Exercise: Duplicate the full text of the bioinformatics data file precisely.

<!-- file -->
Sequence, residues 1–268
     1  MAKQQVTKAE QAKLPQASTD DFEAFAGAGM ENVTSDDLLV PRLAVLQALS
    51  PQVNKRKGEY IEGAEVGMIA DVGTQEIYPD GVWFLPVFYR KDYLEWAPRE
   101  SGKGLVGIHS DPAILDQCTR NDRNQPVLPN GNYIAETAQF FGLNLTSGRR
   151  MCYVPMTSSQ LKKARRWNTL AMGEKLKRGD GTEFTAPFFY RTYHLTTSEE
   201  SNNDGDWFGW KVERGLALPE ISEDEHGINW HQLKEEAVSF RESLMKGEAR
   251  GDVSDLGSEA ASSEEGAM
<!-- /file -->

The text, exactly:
Sequence, residues 1–268
     1  MAKQQVTKAE QAKLPQASTD DFEAFAGAGM ENVTSDDLLV PRLAVLQALS
    51  PQVNKRKGEY IEGAEVGMIA DVGTQEIYPD GVWFLPVFYR KDYLEWAPRE
   101  SGKGLVGIHS DPAILDQCTR NDRNQPVLPN GNYIAETAQF FGLNLTSGRR
   151  MCYVPMTSSQ LKKARRWNTL AMGEKLKRGD GTEFTAPFFY RTYHLTTSEE
   201  SNNDGDWFGW KVERGLALPE ISEDEHGINW HQLKEEAVSF RESLMKGEAR
   251  GDVSDLGSEA ASSEEGAM